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The 11th “Luxemburger Expertenforum” on the development of EU law

On 3 and 4 December 2017, the 11th “Luxemburger Expertenforum” on the development of EU law took place at the Court of Justice of the European Union. This forum is a workshop that is organised regularly by the German members of the Court of Justice (including the members of the European Court [formerly of First Instance] and the Advocates General); it is presided by the President of the CJEU, Koen Lenaerts, and attended by non-German members of the Court as well (although the discussions at the meeting are held in German).

2 New Books: Choice of Law for Mortgages // Divorce in Private International Law

For those able to read Portuguese, two new books have been recently released, as a result of theses defended earlier this year at the Universities of Coimbra and Lisbon. English abstracts provided by the Authors read as follows (more info, respectively, here and here):

AFONSO PATRÃO, Freedom of Choice in Mortgage and a Reinforcement of International Cooperation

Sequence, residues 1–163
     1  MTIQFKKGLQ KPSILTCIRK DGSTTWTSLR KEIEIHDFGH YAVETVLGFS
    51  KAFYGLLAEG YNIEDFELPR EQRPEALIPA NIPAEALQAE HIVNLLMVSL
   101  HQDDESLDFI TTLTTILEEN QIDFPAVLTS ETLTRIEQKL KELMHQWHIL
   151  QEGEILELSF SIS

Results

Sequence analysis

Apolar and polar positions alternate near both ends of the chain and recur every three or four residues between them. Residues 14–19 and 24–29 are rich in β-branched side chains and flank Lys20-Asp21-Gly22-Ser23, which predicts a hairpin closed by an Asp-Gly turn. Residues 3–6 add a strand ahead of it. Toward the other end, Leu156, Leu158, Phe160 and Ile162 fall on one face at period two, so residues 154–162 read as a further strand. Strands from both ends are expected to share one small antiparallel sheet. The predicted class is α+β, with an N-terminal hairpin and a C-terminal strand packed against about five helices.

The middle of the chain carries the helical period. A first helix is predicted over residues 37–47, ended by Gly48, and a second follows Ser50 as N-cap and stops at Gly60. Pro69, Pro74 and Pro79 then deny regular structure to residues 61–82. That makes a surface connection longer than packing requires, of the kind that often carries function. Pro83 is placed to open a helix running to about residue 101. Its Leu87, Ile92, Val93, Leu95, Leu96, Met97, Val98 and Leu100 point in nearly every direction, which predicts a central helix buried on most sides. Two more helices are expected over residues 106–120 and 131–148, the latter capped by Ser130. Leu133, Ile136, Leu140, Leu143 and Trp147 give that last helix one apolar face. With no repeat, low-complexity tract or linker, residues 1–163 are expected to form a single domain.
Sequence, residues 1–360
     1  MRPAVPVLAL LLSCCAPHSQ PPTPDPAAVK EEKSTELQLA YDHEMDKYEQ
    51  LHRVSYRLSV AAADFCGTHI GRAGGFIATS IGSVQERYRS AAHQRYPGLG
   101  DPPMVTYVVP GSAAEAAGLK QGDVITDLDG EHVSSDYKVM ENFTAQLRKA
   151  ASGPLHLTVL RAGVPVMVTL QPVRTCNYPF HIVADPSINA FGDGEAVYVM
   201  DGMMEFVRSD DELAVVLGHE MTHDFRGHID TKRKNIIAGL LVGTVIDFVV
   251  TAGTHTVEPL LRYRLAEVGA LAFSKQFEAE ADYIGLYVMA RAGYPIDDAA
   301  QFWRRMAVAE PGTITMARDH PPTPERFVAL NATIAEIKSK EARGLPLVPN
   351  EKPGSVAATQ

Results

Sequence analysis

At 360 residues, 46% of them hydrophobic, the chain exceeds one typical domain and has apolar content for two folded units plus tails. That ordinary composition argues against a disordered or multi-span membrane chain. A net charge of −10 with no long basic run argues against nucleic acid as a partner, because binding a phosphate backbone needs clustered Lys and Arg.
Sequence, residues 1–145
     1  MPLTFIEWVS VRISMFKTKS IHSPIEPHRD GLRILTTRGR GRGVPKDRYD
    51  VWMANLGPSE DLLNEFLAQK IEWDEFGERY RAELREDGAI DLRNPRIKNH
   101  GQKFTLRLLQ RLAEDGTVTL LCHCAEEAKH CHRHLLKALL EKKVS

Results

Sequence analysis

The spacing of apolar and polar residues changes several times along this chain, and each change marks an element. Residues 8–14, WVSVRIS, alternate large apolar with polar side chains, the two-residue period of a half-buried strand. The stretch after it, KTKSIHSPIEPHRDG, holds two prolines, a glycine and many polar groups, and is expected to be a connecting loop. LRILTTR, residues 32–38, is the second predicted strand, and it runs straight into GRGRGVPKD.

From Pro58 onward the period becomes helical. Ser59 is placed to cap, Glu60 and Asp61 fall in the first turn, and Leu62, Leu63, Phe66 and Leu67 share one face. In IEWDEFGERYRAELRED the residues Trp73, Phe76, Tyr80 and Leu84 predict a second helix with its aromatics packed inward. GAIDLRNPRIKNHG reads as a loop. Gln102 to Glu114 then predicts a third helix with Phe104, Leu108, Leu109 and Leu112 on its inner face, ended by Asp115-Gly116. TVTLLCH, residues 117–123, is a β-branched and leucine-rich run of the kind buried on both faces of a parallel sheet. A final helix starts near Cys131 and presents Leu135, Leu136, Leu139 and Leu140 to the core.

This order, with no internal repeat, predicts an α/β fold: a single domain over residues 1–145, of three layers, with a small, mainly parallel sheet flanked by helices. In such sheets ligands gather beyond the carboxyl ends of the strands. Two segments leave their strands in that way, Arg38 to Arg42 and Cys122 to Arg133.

Abstract: This dissertation concerns the implementation of a European mortgage market, identifying obstacles to its accomplishment and offering solutions to overcome them.

Considering statistical data that indicate national compartmentalisation of mortgage markets (as land security rights are essential for internal credit but, internationally, less than 1% of all international credit involves mortgages), we start by justifying the inclusion of international mortgages within the scope of European Treaties, demonstrating that the European Union objectives include the free movement of land security rights.

Register now: How European is European Private International Law? Berlin, 2/3 March 2018

Over the course of the last decades the European legislature has adopted a total of 18 Regulations in the area of private international law (including civil procedure). The resulting substantial degree of legislative unification has been described as the first true Europeanisation of private international law and even as a kind of “European Choice of Law Revolution”. However, until today it is largely unclear whether the far-reaching unification of the “law on the books” has turned private international law into a truly European ”law in action”: To what extent is European private international law actually based on uniform European rules common to all Member States rather than on state treaties or instruments of enhanced cooperation? Is the way academics and practitioners analyse and interpret European private international law really different from previously existing domestic approaches to private international law? Or is the actual application and interpretation of European private international law rather still influenced or even dominated by national legal traditions, leading to a re-fragmentation of a supposedly uniform body of law?